8) Nazi scientist had created twin tower
Josef Mengele, AKA angel of death, had a mission to create a master race fit for the Third Reich. His task was to carry out experiments to discover by what method of genetic quirk twins were produced and then to artificially increase the Aryan birthrate for his master, Adolf Hitler!
Historians claim Mengele’s notorious experiments may have borne fruit. For years scientists have failed to discover why as many as one in five pregnancies in a small Brazilian town have resulted in twins – most of them blond-haired and blue-eyed.
But residents of Candido Godoi now claim that Mengele made repeated visits there in the early 1960s, posing at first as a vet but then offering medical treatment to the women of the town. Shuttling between Argentina, Paraguay, and Brazil, he managed to evade justice before his death in 1979, but his dreams of a Nazi master race appeared unfulfilled
9) Mosquitoes fighting other mosquitoes
A genetically modified (GM) strain of malaria-resistant mosquito has been created that is better able to survive than disease-carrying insects.
It gives new impetus to one strategy for controlling the disease: introduce a transgenic mosquito carrying a gene that confers resistance to the malaria parasite into wild populations in the hope that they will take over. These mosquitoes had another gene inserted into them to make their eyes fluoresce, to distinguish them from the ordinary strain. The insect carries a gene that prevents infection by the malaria parasite. The researchers caution that their studies are still at an early stage and that it could be ten years or more before engineered insects are released into the environment. The approach exploits the fact that the health of infected mosquitoes is itself compromised by the parasite they spread. Insects that cannot be invaded by the parasite are therefore likely to be fitter and out-compete their disease-carrying counterparts.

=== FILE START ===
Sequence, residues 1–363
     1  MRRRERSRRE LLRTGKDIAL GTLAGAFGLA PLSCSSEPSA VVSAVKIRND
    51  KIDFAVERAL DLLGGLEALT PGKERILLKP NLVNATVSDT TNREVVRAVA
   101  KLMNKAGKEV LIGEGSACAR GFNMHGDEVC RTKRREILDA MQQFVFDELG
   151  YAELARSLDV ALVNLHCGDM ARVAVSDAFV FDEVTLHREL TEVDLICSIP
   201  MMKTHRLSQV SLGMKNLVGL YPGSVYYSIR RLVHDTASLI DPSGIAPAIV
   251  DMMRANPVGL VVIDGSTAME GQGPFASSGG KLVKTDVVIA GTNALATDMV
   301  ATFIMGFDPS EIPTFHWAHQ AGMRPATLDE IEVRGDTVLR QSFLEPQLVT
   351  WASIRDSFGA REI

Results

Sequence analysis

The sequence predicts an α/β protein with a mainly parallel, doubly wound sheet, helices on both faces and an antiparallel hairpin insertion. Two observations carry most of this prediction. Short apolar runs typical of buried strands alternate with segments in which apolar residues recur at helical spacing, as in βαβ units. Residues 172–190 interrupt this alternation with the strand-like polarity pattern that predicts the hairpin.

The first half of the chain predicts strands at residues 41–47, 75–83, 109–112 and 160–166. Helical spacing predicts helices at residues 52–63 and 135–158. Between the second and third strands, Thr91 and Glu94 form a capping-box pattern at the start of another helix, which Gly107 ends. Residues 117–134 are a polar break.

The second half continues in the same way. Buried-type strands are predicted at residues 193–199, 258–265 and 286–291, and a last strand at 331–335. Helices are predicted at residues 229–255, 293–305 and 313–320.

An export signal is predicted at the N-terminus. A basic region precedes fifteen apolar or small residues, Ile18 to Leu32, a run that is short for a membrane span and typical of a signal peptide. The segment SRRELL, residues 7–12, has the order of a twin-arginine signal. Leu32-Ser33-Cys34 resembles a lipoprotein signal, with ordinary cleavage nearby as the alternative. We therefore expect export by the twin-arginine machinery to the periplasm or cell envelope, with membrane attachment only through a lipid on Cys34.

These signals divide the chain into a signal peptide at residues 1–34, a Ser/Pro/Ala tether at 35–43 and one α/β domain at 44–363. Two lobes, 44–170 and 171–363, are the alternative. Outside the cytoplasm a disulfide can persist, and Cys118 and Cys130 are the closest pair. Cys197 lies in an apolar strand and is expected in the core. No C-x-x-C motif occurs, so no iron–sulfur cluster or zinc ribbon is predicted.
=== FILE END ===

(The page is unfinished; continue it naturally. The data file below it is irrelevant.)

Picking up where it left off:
10) Glowing animals
We all know about jellyfish and seahorses that glow. But scientists have taken a step further by making glowing jellyfish monkeys -creatures that combine the uncanny intelligence of our closest animal relatives with the squishy bioluminescence of nature’s toxic disco-sticks. And as of 2009, scientists have invented monkeys that not only glow but pass their radioactive essence on to their children.
There was a case of the Ruby Puppy (the Ruppy), dogs that glow red under ultraviolet light after having been spliced with genes from sea anemones. Furthermore, South Korean scientists claim to have produced glowing cats!